Chinese American Literature and the Changing Image of the American Literary "Canon"
The reception of Chinese American literature by American critics and readers has undergone numerous changes since the marginalization of the first Chinese American writers. Today, Chinese American authors, such as Ruthanne Lum McCunn and Amy Tan, earn the praise of both scholars and the lay public alike and collectively, their work has played an important role in transforming the image of the United States and its literary output. As a recently published collection of essays edited by critic Harold Bloom entitled Amy Tan (2009) conveys, writers of Chinese origin are reshaping the American literary arena, and in the process are conveying the power that can emerge from cultural hybridity (i.e., the fruitful grafting between East and West) and multiculturalism. Their works are also regenerating and rejuvenating the image of America, rendering it in a constant state of flux. This perpetual process of reinvention, however, has problematized the American literary "canon," prompting scholars to ask if one can actually exist in a nation that is continually redefining itself—and remaining "forever young"—by prioritizing inventiveness and innovation over tradition and convention.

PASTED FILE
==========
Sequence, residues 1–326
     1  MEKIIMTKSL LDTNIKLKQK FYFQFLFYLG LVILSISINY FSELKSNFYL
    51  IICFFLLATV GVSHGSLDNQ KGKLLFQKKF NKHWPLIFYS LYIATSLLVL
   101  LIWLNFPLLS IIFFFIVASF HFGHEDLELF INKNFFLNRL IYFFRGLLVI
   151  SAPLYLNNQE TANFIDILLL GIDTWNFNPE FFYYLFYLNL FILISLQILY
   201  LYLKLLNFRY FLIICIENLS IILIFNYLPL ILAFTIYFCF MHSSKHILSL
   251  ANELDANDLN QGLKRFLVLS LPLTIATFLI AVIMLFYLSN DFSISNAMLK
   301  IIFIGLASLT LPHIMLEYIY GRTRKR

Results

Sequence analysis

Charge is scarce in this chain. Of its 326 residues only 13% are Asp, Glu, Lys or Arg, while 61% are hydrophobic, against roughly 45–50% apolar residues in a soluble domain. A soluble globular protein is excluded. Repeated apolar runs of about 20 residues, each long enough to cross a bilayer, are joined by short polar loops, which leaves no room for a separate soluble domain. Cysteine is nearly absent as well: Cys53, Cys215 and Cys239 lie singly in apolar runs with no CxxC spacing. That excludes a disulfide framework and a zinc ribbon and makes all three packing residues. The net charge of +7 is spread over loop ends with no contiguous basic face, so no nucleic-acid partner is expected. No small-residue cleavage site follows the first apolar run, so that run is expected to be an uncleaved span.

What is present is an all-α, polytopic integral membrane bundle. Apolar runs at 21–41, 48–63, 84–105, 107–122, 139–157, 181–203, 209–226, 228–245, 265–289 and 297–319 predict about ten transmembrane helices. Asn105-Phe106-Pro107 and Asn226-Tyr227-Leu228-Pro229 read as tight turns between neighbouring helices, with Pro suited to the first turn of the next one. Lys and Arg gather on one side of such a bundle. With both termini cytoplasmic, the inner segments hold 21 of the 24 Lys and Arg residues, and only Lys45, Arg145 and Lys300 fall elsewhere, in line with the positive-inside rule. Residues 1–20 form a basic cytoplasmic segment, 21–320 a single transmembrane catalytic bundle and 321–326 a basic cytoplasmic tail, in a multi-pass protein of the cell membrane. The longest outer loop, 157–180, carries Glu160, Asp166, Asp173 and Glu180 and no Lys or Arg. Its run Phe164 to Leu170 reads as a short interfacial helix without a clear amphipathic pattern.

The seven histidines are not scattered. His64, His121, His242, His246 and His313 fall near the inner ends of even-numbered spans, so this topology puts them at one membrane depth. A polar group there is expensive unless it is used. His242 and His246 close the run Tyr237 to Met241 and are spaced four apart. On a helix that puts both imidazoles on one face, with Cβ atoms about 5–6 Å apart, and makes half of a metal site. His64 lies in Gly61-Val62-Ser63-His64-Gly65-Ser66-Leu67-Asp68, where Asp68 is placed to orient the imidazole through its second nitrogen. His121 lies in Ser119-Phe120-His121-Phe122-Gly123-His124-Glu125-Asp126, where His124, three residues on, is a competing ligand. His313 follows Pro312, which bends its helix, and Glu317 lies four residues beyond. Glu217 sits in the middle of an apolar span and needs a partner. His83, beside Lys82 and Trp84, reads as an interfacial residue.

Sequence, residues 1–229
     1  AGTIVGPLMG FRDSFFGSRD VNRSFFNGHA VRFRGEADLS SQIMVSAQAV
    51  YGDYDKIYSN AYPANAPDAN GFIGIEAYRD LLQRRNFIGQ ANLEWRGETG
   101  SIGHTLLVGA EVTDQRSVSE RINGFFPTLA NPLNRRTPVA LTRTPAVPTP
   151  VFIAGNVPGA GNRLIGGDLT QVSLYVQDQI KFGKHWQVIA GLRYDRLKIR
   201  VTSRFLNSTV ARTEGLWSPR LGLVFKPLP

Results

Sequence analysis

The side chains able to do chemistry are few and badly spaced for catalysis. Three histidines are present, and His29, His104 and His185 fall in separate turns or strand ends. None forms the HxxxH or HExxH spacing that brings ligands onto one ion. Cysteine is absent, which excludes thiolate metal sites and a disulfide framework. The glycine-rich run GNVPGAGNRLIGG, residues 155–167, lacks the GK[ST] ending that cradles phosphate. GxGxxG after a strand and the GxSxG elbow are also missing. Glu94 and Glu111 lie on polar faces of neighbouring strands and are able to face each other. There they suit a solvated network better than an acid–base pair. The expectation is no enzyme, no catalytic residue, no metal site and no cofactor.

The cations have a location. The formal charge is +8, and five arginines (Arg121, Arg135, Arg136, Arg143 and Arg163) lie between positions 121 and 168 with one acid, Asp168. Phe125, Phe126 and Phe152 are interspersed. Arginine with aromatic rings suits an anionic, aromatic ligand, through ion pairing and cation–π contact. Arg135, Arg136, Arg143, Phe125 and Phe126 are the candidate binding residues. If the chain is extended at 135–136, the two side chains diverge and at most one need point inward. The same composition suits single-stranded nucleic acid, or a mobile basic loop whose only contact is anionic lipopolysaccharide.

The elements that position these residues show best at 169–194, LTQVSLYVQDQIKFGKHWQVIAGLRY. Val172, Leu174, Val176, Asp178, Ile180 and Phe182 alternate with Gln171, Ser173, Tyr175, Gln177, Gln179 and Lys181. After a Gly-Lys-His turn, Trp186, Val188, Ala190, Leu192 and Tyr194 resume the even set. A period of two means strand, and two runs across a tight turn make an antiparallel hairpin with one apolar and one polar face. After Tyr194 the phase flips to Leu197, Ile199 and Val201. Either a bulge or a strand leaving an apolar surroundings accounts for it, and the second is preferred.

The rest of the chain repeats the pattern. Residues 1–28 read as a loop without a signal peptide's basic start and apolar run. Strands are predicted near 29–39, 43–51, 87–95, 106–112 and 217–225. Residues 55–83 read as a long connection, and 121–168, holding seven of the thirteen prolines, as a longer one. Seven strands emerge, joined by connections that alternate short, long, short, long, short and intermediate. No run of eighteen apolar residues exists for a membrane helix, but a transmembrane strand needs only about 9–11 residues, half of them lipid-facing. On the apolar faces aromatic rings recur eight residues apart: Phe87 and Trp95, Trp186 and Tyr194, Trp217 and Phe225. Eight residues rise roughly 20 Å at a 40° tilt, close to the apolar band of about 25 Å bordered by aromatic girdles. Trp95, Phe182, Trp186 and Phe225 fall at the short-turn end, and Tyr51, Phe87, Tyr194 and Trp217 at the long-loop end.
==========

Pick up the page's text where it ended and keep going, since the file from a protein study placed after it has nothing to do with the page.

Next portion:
This edited volume, which is under contract with Cambridge Scholars Publishing, seeks chapters that will explore the past, present and future position of Chinese American authors within the framework of what Bloom identified as the "Western literary canon." Is Chinese American literature inside or outside the "canon"? If it is included in the canon, what are the social, political and cultural implications of this inclusion? In other words, how does its inclusion impact the evolving identity of the United States? The editors encourage the submission of chapters focusing on Chinese American literature (especially novels, poetry, short stories and plays) and literary criticism which address the specific themes of this call for papers.
All chapters must adhere to the Chicago Manual style (with footnotes) and be a minimum of 5,000 words (max. 6,000 words). Full-length submissions (no abstracts please) should be sent to Drs. Tanfer Emin Tunc and Elisabetta Marino via email (firstname.lastname@example.org) by March 31, 2010.
We also request a one paragraph biography from each author.
Drs. Tanfer Emin Tunc and Elisabetta Marino